Coming soon is A.R. Gurney's play, "The Dining Room," with Tim Newell, hosted by the Westfield Memorial Hospital Foundation. Tickets still are available for the 6 p.m. Friday, Feb. 7, dinner/theatre evening at Eason Hall in Westfield by calling 793-2338.
Written by A.R. Gurney, the production is directed by Bob McClure, who is a foundation board member and long-time member of a group of players from Chautauqua Institution and surrounding area. In addition, "The Dining Room" also will be performed the next evening, Feb. 8 at 6 p.m., at Cappa Theater which is located in the Robert H. Jackson Center, 305 E. Fourth St. in Jamestown.
McClure describes the play which is set in the dining room of a typical well-to-do household, the place where the family assembled daily for breakfast and dinner and for any and all special occasions. The action is a mosaic of interrelated scenes-some funny, some touching, some rueful-which, taken together, create an in-depth portrait of a vanishing species: the upper-middle-class WASP. The actors change roles, personalities and ages with virtuoso skill as they portray a wide variety of characters, from little boys to stern grandfathers and from giggling teenage girls to Irish housemaids. Each vignette introduces a new set of people and events; a father lectures his son on grammar and politics; a boy returns from boarding school to discover his mother's infidelity; a senile grandmother doesn't recognize her own sons at Christmas dinner; a daughter, her marriage a shambles, pleads futilely to return home, etc.
Dovetailing swiftly and smoothly, the varied scenes coalesce, ultimately, into a theatrical experience of exceptional range, compassionate humor and abundant humanity.
Tagged The Chautauqua County Gurney Players, the six thespians are lead by Westfield native Tim Newell who recently revised his hugely popular one-person show, "Mr. Benny." He has received lavish praise for his performances with Shakespeare-in-Delaware-Park, having mastered roles such as Richard III, Iago, Claudius and Dogberry. As a young man in the mid-eighties, he attended Jamestown Community College, majoring in vocal music and performed in a number of musicals. Later he performed at the Lucille Ball Theater in "Peter Pan," "Li'l Abner" and "God's Favorite." Tim is an accomplished visual artist. His Abstract Expressionist paintings have been shown in galleries from San Juan to the Jamestown's James Prendergast and Westfield's Patterson Library. His star turn in "Mr. Benny" has enhanced his reputation as it has played in New York and several other cities, including, his upcoming appearance in February 2015 in Mr. Benny's hometown, Waukegan, Illinois!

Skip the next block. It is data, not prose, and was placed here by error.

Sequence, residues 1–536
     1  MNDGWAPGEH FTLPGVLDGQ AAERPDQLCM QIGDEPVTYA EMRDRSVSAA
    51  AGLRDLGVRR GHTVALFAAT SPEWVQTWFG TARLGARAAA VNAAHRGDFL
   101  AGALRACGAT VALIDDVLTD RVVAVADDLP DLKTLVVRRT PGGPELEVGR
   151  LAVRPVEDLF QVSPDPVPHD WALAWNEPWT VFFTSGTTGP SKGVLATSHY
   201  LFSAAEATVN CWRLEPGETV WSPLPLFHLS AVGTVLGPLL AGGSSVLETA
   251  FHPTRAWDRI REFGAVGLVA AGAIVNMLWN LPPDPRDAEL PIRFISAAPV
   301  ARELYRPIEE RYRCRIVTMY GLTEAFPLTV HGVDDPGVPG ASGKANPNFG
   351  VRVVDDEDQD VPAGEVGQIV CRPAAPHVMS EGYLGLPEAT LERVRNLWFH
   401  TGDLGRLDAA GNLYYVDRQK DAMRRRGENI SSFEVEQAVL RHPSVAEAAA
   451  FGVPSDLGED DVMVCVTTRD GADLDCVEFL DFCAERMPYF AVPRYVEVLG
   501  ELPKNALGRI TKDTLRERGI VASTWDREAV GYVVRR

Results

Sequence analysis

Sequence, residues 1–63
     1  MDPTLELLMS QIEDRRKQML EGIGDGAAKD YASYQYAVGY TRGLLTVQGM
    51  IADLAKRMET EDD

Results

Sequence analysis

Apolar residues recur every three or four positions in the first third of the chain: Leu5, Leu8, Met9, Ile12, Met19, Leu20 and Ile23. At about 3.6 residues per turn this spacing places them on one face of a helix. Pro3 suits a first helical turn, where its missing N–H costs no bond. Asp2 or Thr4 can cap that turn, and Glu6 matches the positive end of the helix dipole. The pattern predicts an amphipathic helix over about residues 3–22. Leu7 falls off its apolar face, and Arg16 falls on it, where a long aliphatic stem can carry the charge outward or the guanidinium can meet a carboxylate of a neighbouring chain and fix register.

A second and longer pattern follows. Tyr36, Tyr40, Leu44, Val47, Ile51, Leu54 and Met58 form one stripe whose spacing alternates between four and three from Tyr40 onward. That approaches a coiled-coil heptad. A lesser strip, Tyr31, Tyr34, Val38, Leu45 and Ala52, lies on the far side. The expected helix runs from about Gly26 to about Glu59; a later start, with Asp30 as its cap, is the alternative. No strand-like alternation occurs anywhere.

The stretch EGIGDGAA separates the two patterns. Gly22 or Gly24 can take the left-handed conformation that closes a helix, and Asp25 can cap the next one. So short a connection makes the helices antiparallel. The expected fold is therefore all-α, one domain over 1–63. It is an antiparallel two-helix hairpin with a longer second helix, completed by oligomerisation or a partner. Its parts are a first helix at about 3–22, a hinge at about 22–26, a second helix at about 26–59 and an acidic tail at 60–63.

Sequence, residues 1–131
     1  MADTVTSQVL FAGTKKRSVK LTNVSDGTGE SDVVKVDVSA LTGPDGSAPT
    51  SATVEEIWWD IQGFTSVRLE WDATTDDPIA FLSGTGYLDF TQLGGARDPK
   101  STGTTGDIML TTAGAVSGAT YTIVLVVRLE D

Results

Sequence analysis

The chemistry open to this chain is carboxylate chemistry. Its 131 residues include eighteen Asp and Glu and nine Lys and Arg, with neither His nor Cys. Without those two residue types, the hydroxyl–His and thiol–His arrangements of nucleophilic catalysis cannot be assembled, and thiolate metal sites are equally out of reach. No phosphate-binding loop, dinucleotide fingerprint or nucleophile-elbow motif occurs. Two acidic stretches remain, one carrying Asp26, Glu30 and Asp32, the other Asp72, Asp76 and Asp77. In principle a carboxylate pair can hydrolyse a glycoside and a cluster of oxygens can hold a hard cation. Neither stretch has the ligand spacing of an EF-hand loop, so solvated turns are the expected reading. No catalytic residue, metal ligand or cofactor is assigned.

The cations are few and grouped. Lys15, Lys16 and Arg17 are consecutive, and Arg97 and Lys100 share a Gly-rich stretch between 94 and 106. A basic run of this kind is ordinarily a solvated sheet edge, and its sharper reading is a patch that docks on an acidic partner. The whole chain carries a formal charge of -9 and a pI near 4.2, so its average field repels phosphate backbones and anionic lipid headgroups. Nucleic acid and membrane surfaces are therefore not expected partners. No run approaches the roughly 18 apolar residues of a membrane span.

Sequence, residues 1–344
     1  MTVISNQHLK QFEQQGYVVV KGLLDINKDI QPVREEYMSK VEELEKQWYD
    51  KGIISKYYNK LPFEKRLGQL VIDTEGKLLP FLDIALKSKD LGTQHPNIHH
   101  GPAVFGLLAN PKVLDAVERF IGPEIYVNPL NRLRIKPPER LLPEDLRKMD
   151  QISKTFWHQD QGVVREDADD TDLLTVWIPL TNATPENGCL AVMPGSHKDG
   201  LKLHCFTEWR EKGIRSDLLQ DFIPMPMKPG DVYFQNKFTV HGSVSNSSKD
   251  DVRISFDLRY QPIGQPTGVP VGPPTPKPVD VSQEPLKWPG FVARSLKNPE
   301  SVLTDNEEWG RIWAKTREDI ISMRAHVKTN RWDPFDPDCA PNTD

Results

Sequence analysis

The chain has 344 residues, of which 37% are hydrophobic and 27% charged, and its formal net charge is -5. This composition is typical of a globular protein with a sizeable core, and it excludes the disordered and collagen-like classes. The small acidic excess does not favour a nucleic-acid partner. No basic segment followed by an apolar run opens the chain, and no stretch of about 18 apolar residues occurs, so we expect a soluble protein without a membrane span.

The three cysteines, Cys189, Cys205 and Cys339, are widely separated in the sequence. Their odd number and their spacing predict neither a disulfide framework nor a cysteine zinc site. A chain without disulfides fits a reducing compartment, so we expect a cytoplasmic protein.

Joining Newell will be five "regulars" who perform year-round. They include Don Kirsch, who resides in East Springfield, PA, and has played many different roles in his theater career. A few of his favorites are Otto Frank in "Diary of Anne Frank," Father Merwin in "The Exorcist" and Norman Thayer, Jr. in "On Golden Pond." He has performed in film, many commercial/advertising projects, and has done several musicals including "1776," "Hello Dolly," "Cabaret" and "Dream Girls."
Robert W. Plyler had his first stage appearance with a children's theater company at the age of six, playing Old King Cole. He studied piano, singing and pipe organ and attended Allegheny College, where he did theater and sang in three operas. He moved to Jamestown in 1971 to teach at Maple Grove High School, where he taught for 32 years. He also taught at Mercyhurst College in Erie and at JCC. Since 1976, he has been the arts critic for The Post-Journal and his column on the arts also appears in the Dunkirk OBSERVER.